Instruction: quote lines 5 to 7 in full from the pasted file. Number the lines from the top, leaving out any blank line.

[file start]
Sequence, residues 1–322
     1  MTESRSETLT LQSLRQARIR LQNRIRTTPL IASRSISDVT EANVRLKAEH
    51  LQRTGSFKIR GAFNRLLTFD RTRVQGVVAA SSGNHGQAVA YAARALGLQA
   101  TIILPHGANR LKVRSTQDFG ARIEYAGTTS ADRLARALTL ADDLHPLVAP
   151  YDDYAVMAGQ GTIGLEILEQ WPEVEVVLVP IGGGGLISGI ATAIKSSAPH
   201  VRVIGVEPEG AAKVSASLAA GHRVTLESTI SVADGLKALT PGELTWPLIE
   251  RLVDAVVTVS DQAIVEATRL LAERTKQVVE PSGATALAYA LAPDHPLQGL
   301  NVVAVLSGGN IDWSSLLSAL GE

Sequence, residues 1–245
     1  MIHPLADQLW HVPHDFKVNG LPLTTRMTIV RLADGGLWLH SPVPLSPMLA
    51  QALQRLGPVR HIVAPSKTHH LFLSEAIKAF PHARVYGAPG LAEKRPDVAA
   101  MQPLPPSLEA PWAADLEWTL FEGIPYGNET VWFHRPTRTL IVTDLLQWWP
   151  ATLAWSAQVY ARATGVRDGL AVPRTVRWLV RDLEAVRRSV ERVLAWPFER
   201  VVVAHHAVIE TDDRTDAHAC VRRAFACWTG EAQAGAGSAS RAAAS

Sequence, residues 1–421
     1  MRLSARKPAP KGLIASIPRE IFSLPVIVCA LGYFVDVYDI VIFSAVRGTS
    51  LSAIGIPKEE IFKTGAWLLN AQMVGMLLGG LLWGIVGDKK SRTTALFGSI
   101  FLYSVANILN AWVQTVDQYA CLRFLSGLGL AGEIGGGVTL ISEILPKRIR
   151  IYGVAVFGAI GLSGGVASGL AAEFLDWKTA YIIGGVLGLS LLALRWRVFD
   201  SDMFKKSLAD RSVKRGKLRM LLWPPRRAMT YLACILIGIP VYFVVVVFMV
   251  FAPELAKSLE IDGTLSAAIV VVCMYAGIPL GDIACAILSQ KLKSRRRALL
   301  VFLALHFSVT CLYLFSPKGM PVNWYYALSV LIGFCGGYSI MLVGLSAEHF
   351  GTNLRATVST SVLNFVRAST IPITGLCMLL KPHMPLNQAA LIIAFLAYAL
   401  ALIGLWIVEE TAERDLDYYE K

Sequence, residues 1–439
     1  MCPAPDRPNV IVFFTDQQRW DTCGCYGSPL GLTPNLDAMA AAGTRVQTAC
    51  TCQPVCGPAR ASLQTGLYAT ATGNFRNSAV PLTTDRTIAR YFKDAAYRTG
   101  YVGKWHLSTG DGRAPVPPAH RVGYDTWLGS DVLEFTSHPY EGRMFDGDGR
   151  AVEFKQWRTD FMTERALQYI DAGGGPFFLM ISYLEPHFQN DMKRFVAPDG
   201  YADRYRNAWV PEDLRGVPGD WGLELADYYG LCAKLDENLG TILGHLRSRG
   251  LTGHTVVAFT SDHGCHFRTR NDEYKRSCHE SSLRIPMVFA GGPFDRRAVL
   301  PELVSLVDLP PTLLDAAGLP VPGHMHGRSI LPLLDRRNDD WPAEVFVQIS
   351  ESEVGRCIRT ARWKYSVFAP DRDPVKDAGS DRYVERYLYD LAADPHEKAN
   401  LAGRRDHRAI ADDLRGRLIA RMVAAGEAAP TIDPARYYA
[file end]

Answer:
   151  YDDYAVMAGQ GTIGLEILEQ WPEVEVVLVP IGGGGLISGI ATAIKSSAPH
   201  VRVIGVEPEG AAKVSASLAA GHRVTLESTI SVADGLKALT PGELTWPLIE
   251  RLVDAVVTVS DQAIVEATRL LAERTKQVVE PSGATALAYA LAPDHPLQGL